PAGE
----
AAM: General Petraeus' press conference
MILES O'BRIEN: We begin in Iraq. General David Petraeus, facing off with reporters in Baghdad for the first time since he assumed command. CNN's Michael Ware was at the news conference.
Michael, what was your impression?
MICHAEL WARE, CNN CORRESPONDENT: Well, Miles, General David Petraeus, who only arrived in Iraq one month ago, and is the top military commander overseeing this war, and the man charged with fulfilling the controversial surge strategy to reclaim the capital here in Baghdad, really had nothing much to reveal that was new. Either in terms of strategy or in terms of timetables for troop levels.
He did say that, you know, obviously, the focal point was the Baghdad security plan. He said it's early days, so far it's progressing well, but the signs are not clear enough to make any long-term predictions.
He said that American troops -- the surge reinforcements -- are not yet in place, won't be at least until June, and indicated clearly that they will be here for some time.
He also indicated that it's not just the metropolis that will be targeted, but also the insurgent's support bases around the capital. What was also interesting, however, was some of the things that the general did not say. Particularly, there was no direct criticism or focus on the Shia militias, particularly that of rebel anti-American cleric Muqtada al-Sadr, whom rumor says is engaging in a potential political deal with the Iraqi government.
M. O'BRIEN: Well, you mentioned a political deal. The general said it is politics that will provide some sort of solution in Iraq. And yet he is four-square behind the troop buildup there and offers no real end in sight for people looking for U.S. troops to come home. It seems as if there's a contradiction inherent there.
WARE: Well, there is no end in sight for U.S. troops coming home, certainly anytime soon. I mean, no matter which way you play out the scenario here in Iraq, I mean, Iraq is at such a point, it's such a mess, that everyone from President Bush to General Petraeus calls this situation dire. Now, they don't call it hopeless, but it's certainly akin to a disaster.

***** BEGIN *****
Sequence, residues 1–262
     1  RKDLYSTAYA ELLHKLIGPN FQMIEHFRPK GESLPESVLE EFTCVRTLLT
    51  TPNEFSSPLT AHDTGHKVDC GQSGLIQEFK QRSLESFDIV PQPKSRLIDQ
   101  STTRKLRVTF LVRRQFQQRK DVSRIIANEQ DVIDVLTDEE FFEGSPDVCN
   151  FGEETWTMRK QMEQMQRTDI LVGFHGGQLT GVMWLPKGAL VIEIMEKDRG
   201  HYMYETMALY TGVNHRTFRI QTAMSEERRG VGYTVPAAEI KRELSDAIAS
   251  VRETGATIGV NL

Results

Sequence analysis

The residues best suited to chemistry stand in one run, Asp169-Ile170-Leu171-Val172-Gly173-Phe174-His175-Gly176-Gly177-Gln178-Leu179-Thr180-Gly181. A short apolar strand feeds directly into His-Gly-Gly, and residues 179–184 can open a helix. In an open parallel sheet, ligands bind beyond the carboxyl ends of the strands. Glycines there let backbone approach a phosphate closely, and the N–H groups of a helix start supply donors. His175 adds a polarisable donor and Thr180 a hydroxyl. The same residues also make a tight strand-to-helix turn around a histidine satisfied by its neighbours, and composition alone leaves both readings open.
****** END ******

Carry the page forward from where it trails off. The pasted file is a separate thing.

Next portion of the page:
Now, the way out will not be military. It will be political. And what we saw is General Petraeus perhaps hinting at that.
One of the greatest problems in the capital has been the Mahdi militia and its death squads. Well, we didn't hear General Petraeus mention the name "Mahdi militia." And when it did come up, he was very careful to say it's only the extremists among them who were the problem, not the militias themselves.
M. O'BRIEN: Michael Ware in Baghdad.
SOLEDAD O'BRIEN: Let's get right to Michael Ware. He was there when General David Petraeus faced off with reporters, the first time since the general arrived in Iraq just a month ago. Here's his report.
MICHAEL WARE, CNN CORRESPONDENT (on-camera): In his first press conference since arriving in the country one month ago, America's new commander of its war in Iraq and the man overseeing the controversial new surge strategy to reclaim the capital of Baghdad, General David Petraeus revealed nothing new about American strategy nor its timetable for troop levels or withdrawals. However he did flesh out to some degree how he sees the battle unfolding in the months to come. The focus of the general's first press conference was the Baghdad security plan.
GEN. DAVID PETRAEUS, CMD, MULTI-NATIONAL FORCE IRAQ: Improving security for the Iraqi people is the first step in rekindling hope. The upward spiral we all want begins with Iraqi and coalition forces working together and locating in the neighborhoods those forces must secure.
WARE: General Petraeus also indicated, without giving specifics that many of these new forces will be deployed around the metropolis, into the rural support zones from which the insurgents have been forging their attack. Under question, the general also dampened speculation that his call for an additional 2,200 military police was an escalation of the troop levels, describing them more as enablers or supporters of the combat troops already committed to the new fight.
PETRAEUS: In partnership with our Iraqi colleagues, help improve the security situation and enable the Iraqi people to control the demons responsible for the vicious sectarian violence of the past year, demons that tore at the very fabric of Iraqi society.
WARE: General Petraeus made no mention of the militia or any attempts to curb its power, perhaps fueling speculation here in Baghdad that a political deal is currently on the table between the weakened central government of Prime Minister Nouri al Maliki and the rebel cleric Muqtada al Sadr. Michael Ware, CNN, Baghdad.